Will the corporate world finally reset how it works?
by Neville Vincent of Nutanix
There have been plenty of movies about pandemics, but the storylines rarely feature work-from-home regimes, let alone a final act of multiple vaccine rollouts, writes Neville Vincent of Nutanix
Digital networks – and the applications and solutions that run on them – have made this pandemic different. Australia’s digital ecosystem has given many workers the autonomy to choose where and how they work, while complying with government restrictions.
Now, with more than a year of remote work under our belts, the corporate world is facing a once in a lifetime opportunity to completely reset the way it works.
The long-touted ‘telecommunicating’ – a curiosity previously reserved for a few forward-thinking companies – has gone mainstream.
As companies move on from the stop-gap measures deployed during the pandemic and focus on more innovative, strategic imperatives, the marvel of “work from anywhere” will become a long-term phenomenon, and the world of entertainment is a blockbuster trailer for what to expect.
Read more: Is it too dangerous to bring staff back to the office?
Teasing the future of work
Even before the COVID-19 entered our collective consciousness, the entertainment industry was providing a preview of things to come.
Instead of going to a specific location to indulge in entertainment, a digital, on-demand ecosystem was providing the experience people were looking for, when and where they want to enjoy it.
Streaming services like Netflix and Disney Plus are seeing huge demand in Australia, with 88 per cent of Australians now using at least one online streaming app. In fact, the pandemic-related streaming boom has seen the Netflix video giant grow its local revenue by 17 per cent.
This ubiquitous ability to consume content has made older distribution systems, like hotel in-room movies and video rental stores, obsolete. Our expectations are constantly evolving, and this has impacted long-standing upstream distribution models, forcing previously untouchable entertainment industry giants to adapt or perish.
Now, after the past 18 months we’ve all endured, we’re seeing a similar evolution in thinking about where and how we work in the corporate world.
The ‘on-demand’ office
One great example of this evolution is Suncorp New Zealand. As an industry predicated on privacy, having insurers working from home was previously unheard of.
Following its success shifting 98 per cent of its employees to full-time remote work within 48 hours of last year’s COVID-19 lockdowns, Suncorp NZ has validated its infrastructure-first approach to digital transformation and is now accelerating its appetite for hybrid working, leveraging Virtual Desktop Infrastructure (VDI) with its built-in security capabilities.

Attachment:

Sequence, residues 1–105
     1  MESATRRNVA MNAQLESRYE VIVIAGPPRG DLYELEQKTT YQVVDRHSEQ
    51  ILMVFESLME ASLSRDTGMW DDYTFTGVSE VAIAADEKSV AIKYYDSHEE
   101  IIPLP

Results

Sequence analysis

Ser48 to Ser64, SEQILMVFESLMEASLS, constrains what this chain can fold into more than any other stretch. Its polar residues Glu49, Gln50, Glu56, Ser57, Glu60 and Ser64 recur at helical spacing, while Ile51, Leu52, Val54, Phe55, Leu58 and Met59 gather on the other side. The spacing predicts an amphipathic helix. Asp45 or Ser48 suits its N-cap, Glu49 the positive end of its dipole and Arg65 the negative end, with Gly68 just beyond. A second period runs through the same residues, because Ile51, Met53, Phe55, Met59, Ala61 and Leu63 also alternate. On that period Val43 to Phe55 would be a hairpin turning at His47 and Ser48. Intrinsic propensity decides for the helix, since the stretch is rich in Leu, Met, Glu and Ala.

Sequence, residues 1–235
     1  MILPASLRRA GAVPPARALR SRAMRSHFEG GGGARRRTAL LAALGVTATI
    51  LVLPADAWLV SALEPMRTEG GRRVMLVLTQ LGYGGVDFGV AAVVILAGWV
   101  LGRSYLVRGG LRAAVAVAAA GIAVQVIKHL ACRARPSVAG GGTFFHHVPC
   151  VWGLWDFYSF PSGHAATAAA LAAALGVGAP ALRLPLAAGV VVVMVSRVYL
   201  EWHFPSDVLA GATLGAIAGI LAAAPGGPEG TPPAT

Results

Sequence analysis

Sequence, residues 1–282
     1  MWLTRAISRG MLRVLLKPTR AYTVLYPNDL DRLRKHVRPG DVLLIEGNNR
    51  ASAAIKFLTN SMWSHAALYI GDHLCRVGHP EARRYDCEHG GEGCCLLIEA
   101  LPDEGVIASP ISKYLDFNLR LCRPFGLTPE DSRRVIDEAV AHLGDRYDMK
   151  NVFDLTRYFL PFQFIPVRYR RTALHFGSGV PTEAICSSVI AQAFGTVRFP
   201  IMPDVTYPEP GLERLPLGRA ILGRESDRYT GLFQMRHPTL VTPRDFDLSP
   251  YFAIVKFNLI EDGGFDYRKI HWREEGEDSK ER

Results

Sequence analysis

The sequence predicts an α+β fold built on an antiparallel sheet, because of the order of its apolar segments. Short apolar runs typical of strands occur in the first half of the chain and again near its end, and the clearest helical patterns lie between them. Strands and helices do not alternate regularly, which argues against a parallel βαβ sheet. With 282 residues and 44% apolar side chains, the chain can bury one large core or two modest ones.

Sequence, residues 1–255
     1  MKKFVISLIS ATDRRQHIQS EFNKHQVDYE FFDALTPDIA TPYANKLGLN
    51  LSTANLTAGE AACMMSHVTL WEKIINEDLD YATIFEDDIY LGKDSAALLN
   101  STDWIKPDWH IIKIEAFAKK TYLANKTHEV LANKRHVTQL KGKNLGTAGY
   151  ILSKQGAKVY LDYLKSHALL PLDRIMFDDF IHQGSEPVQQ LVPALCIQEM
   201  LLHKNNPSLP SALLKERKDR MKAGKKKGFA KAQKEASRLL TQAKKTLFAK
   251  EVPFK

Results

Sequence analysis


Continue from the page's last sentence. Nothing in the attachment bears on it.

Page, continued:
This shift to more flexible working arrangements can also be dubbed the ‘on-demand office’ – a model that repositions work from a fixed-location to a consumable activity, accessible anywhere at any time through solutions like VDI and Desktop-as-a-Service (DaaS).
While companies in the past have half-heartedly tried to gamify their processes to increase productivity, the entertainment sector is now inspiring more meaningful change and providing other industries with a framework for improvement.
Read more: Collaborative work spaces: More than just removing partitions
Best tools attract best talent
With no more than a screen and an internet connection, movies and TV shows can be streamed anywhere at any time. But the ticket to an engaged and effective hybrid workforce, however, requires a little more plumbing.
Powering the more ‘exciting’ parts of the future workforce demands organisations to first consider their physical and digital building blocks – the IT environment.
They need a scalable and simple cloud-based technology infrastructure to successfully enable the enhanced, blended virtual work experience businesses desire.
“Our infrastructure means we have no constraints and are in a position to focus on our business transformation,” adds Suncorp NZ’s general manager Technology and Transformation, Jane Brewer.
“This approach has helped us attract and retain high-performing employees who believe in the value of what we do and are committed to continuously doing more for our customers.”
It’s not hard to imagine that the next generation of talent will appraise future employers based on their technical savvy and ability to adapt working systems to modern expectations.
The appetite among younger talent for digital nomad working models is on the uptick. In fact, a study by LinkedIn found that job seekers were increasingly excluding roles that did not offer remote work from their searches.
With this in mind, it makes sense why Australian tech darling, Atlassian, is telling its staff they can work from anywhere forever, and announcing plans to recruit talent regardless of where they are.
While recruiting the best talent is a perennial issue for businesses across Australia, so too are the drives to improve company efficiency and increase employee morale. Shifting to the ‘on-demand office’ will be key to achieving these three competitive priorities, and will ultimately separate the blockbusters from the Blockbusters.